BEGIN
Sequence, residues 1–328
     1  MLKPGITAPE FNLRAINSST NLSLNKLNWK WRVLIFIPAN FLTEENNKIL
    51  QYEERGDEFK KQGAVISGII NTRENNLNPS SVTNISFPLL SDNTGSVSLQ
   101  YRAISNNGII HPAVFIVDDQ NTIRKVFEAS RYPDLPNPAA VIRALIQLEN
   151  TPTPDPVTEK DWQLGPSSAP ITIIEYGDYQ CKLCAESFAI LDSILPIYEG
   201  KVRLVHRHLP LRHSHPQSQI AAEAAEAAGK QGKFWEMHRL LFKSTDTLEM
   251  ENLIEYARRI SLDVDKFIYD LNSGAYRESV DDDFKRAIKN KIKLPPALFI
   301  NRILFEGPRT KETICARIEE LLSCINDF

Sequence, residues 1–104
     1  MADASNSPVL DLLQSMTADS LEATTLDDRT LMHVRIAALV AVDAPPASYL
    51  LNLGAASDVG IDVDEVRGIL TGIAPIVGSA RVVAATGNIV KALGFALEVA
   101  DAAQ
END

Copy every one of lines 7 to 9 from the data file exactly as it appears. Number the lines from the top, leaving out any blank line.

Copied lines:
   251  ENLIEYARRI SLDVDKFIYD LNSGAYRESV DDDFKRAIKN KIKLPPALFI
   301  NRILFEGPRT KETICARIEE LLSCINDF

Sequence, residues 1–104